Used electric bikes are easy to find these days. E-bikes have been on sale for years and some owners are on the second or third upgrade, which means thousands of e-bikes make it onto the secondhand market.
Many of them will be in perfect working order, clean, well maintained and with years of useful life ahead of them. But some of them really won’t be. The owner wants to dispose of it and recoup some of the cost on a bike that has failed to deliver or has something wrong with it.
So how can you avoid buying a bad used electric bike or wasting your time on a bike that you won’t like? We’ve also prepared a list of the 10 Essential Questions to Ask when Buying a Used Electric Bike
Where to find used electric bikes
The obvious places
Online auction and classified sites – eBay, Craiglist, etc – are good place to check if there are any good deals in your area. E-bike dealers often list their stock on eBay, new bikes as well as pre-owned and refurbished and there are bargains to be had.
However… stolen e-bikes do make their way to market this way, so if you do find a too-good-to-be-true offer on the bike of your dreams here, be sure to ask for proof of purchase from the seller.
Same goes for bikes purchased through irregular channels – bars, yard sales, car parks… handling a stolen bike is not a good look.
There’s a lot of competition in the e-bike market these days – dozens of shops specialising in electric bicycles in a single city in some cases. And with new models appearing every season these same dealers need to clear old (but perfectly good) stock quickly.
For example, check out Electric Spokes’ Used, Clearance and Demo E-Bike Sale
So don’t be afraid to ask for a discount on display bikes, in-store demonstrators, returned bikes, refurbished bikes and so on. These bikes may not have made it onto their website or even shopfloor but it’s very likely that any given e-bike dealer has stock that they’ll be willing to sell at knockdown prices.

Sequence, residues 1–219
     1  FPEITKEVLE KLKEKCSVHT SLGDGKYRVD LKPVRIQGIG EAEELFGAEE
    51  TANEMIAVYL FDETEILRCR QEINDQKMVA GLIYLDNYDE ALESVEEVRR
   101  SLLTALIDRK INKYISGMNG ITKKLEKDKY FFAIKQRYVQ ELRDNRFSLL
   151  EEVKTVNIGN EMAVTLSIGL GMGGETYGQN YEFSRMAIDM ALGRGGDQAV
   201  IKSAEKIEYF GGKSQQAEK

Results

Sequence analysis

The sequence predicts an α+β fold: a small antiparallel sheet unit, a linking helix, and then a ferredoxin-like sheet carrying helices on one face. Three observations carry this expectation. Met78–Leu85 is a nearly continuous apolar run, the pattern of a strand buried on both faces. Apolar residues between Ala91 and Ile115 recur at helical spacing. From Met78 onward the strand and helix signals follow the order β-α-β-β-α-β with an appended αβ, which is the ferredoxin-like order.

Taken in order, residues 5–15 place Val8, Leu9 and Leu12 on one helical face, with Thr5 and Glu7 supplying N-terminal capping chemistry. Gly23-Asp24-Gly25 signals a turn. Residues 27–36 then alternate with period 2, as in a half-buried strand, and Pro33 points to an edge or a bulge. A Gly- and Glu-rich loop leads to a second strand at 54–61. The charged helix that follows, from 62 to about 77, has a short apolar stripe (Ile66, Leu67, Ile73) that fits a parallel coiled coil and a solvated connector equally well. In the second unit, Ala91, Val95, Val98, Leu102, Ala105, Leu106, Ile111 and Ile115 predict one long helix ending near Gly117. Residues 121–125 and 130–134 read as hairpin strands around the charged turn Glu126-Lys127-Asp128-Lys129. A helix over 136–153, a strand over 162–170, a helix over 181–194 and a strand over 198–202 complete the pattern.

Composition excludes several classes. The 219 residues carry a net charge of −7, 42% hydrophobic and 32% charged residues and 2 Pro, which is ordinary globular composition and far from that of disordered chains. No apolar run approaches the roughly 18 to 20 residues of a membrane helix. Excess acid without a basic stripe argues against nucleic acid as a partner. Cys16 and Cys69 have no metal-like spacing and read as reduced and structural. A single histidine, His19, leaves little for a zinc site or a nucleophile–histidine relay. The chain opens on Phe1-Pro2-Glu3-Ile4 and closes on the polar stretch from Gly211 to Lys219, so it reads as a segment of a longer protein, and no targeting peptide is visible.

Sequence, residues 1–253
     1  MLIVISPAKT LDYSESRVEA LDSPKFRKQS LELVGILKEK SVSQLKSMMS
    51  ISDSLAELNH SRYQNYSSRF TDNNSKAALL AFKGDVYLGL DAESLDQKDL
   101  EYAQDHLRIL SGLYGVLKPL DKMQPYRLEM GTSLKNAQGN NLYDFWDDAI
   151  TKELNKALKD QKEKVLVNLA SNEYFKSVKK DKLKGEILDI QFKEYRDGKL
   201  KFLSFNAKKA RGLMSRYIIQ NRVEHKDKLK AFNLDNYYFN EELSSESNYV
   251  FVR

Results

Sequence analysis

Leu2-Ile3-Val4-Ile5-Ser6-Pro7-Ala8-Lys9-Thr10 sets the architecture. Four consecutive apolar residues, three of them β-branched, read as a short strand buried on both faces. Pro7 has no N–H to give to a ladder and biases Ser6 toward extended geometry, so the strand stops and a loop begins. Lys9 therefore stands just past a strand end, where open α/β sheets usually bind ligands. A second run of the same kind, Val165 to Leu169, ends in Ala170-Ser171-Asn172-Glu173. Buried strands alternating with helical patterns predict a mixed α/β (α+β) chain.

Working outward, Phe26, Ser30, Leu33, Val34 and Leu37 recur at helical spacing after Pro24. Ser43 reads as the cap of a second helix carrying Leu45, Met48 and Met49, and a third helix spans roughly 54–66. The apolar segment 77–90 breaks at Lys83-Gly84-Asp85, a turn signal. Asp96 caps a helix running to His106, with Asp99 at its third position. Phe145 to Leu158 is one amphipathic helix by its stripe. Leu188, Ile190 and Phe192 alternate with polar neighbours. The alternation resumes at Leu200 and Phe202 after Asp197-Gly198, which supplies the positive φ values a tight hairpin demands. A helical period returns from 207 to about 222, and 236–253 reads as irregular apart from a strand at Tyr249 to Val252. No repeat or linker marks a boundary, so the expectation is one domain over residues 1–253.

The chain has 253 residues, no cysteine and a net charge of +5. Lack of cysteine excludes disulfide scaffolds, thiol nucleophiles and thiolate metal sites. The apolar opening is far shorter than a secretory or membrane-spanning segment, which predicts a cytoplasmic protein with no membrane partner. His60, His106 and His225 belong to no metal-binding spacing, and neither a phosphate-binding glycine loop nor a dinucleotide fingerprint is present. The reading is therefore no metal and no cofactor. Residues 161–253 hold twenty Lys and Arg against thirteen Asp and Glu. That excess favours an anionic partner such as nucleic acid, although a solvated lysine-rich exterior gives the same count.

You could save hundreds, even thousands of dollars (especially in the Winter months when every bicycle business struggles to attract customers).
Read our article on buying Ex Demo Used Electric Bikes
Winter is a great time to start your electric bike research for a couple of other reasons: showrooms are quiet (so you’ll have their undivided attention for as long as you need it) and delivery times are short because there’s less likely to be a backlog of orders to prepare. So wrap up warm for your test ride and reap the benefits!
I’m a member of several electric bike owner groups on Facebook. Mostly it’s people sharing photographs and ride reports, cycling memes, complaints, jokes. You know, the usual.
But because these people are so committed to electric cycling they’re likely to upgrade their machine every year or so. I’ve seen a lot of bikes offered for sale to other group members that will never appear anywhere else because they’re snapped up so quickly.
The advantage here is that because it’s a group and members are accountable to everyone else and do not want to get a bad reputation they’re usually very honest about why they’re selling, the condition of the bike and the price they’re looking for.
Getting involved in Facebook’s electric bike groups can be fun – they’re a great place to pick up advice, recommendations and tips about which bikes to go for – it could also save you a lot of money on a great bike too.
What to ask about a used electric bike
- Battery health
What to avoid in a used electric bike
- Lead acid or nickel metal hydride batteries
- Motors and batteries with known issues
- Dongles and chips
What to check once you have the bike
- Battery condition
- Serial numbers
- Does it come with keys and a working charger?